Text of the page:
The effect of similarity perceptions on human cooperation and confrontation

Ilan Fischer, Lior Savranevski

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By assuring aversive actions are followed by similarly aversive reactions, legislators of antiquity aimed to reduce belligerence and aggression. In the present study we show how similarity perceptions drive cooperation and confrontation across several strategic decision types. Examining the choices made in three one-shot symmetric conflict games: the prisoner’s dilemma, the chicken, and the battle of the sexes, we show how a short encounter with a stranger accounts for the formation of subjective similarity perceptions, which together with the expected payoffs of the game determine the choice of the preferred alternative. We describe the role of similarity perceptions for all two-by-two games, specifically for a subset of fifty-seven games that are sensitive to similarity perceptions with the opponent. We then suggest that this mechanism, by which individuals maximize expected payoffs, is key to the understanding of the evolution of cooperation and confrontation.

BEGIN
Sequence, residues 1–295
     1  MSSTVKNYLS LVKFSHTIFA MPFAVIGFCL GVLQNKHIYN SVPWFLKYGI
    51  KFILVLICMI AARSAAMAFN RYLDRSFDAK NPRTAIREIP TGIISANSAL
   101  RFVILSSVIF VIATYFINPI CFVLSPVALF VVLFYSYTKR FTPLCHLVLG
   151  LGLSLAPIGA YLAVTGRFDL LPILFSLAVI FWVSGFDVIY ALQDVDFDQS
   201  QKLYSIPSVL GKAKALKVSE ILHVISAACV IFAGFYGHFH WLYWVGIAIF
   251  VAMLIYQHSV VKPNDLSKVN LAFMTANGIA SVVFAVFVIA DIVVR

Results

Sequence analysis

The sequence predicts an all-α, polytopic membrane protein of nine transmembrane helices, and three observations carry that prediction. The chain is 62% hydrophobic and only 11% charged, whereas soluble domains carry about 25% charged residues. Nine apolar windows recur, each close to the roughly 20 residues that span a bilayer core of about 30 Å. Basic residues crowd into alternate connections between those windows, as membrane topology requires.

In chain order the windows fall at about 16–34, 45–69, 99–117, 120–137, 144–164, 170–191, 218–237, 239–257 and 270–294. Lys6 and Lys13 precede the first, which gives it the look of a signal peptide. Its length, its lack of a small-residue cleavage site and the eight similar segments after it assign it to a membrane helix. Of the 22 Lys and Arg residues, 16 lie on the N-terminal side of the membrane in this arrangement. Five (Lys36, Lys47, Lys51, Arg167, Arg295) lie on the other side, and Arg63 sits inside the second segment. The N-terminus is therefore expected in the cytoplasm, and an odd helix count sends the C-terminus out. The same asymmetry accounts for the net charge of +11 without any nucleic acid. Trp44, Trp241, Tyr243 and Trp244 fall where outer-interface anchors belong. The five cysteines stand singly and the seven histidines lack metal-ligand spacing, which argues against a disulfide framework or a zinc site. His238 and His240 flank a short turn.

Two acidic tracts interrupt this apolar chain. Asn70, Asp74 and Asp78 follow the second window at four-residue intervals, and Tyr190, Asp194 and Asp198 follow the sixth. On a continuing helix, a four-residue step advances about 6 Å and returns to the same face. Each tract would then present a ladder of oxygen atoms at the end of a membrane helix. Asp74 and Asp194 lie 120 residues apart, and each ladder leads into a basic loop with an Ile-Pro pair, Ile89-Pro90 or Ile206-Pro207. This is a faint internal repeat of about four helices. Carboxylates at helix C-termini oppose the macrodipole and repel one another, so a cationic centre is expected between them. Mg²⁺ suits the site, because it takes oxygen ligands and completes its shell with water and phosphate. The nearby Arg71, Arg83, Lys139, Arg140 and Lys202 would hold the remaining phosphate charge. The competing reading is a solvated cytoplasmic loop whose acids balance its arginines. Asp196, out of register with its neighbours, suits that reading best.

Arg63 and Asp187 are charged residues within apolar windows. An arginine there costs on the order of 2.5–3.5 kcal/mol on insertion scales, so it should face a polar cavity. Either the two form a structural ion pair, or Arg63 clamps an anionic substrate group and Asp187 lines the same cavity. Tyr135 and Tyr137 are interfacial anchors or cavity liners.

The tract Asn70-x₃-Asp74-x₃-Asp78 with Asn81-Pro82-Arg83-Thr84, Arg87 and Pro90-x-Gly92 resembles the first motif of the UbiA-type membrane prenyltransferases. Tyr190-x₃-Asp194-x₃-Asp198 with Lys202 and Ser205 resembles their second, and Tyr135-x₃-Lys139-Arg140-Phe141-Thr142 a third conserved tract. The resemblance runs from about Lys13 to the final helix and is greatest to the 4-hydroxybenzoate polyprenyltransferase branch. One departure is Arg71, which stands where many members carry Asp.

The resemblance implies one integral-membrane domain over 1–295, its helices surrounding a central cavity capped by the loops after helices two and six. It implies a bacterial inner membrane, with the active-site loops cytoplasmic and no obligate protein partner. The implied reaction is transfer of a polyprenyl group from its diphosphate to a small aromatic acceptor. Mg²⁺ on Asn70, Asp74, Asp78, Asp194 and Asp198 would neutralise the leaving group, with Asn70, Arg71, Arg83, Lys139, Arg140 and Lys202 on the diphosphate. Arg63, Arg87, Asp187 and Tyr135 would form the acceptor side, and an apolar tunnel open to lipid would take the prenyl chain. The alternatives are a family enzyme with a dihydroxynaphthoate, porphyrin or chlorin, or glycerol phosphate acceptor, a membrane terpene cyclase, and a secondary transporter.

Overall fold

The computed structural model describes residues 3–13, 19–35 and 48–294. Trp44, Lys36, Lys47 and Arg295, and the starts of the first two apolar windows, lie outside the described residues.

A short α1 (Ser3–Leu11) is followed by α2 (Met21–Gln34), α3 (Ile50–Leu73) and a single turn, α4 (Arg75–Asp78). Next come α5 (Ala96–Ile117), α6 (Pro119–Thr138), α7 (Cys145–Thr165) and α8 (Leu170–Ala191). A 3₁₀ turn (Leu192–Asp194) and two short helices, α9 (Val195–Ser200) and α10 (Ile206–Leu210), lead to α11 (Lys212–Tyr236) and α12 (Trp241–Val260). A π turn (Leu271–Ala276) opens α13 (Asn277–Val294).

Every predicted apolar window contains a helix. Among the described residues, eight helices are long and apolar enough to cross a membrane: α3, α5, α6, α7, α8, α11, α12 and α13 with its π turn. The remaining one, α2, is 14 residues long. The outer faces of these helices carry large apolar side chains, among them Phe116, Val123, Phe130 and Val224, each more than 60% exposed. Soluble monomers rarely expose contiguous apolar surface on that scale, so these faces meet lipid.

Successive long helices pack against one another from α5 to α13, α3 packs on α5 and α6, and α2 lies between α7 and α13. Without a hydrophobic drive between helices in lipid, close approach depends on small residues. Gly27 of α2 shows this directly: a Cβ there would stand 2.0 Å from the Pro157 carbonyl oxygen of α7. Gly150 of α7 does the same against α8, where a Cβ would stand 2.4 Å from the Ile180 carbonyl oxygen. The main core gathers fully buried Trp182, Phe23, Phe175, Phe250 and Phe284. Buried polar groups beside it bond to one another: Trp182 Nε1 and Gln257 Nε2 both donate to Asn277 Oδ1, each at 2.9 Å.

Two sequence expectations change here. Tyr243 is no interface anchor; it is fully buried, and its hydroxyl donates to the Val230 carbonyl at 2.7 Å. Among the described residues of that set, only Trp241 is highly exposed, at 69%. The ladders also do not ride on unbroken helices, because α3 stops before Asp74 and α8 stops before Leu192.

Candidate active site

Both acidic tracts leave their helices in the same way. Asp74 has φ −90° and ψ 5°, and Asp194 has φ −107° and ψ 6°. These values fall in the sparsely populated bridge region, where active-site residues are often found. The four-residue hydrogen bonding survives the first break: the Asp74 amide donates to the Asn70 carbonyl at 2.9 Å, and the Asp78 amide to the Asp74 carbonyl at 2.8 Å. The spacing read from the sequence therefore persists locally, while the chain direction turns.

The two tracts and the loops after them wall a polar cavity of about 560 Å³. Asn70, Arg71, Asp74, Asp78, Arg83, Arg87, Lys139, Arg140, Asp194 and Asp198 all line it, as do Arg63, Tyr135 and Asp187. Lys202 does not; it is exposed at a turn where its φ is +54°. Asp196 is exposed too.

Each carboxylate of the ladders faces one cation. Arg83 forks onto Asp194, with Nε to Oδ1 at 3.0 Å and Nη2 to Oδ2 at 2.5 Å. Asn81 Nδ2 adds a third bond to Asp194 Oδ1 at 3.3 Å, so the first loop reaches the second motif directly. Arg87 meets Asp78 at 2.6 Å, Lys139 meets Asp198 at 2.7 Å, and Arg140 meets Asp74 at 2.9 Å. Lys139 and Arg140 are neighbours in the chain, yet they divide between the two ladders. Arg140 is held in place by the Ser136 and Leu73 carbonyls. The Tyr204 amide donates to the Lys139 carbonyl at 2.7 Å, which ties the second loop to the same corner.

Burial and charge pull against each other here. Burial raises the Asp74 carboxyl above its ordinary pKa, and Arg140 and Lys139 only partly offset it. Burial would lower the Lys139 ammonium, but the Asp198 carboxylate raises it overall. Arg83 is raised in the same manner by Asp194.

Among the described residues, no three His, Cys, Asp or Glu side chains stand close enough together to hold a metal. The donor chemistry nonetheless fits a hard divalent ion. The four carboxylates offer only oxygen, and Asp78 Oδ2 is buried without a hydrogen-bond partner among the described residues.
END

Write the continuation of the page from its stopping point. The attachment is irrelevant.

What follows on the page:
Original languageEnglish
Article number19849
JournalScientific Reports
Issue number1
StatePublished - Dec 2023

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© 2023, The Author(s).

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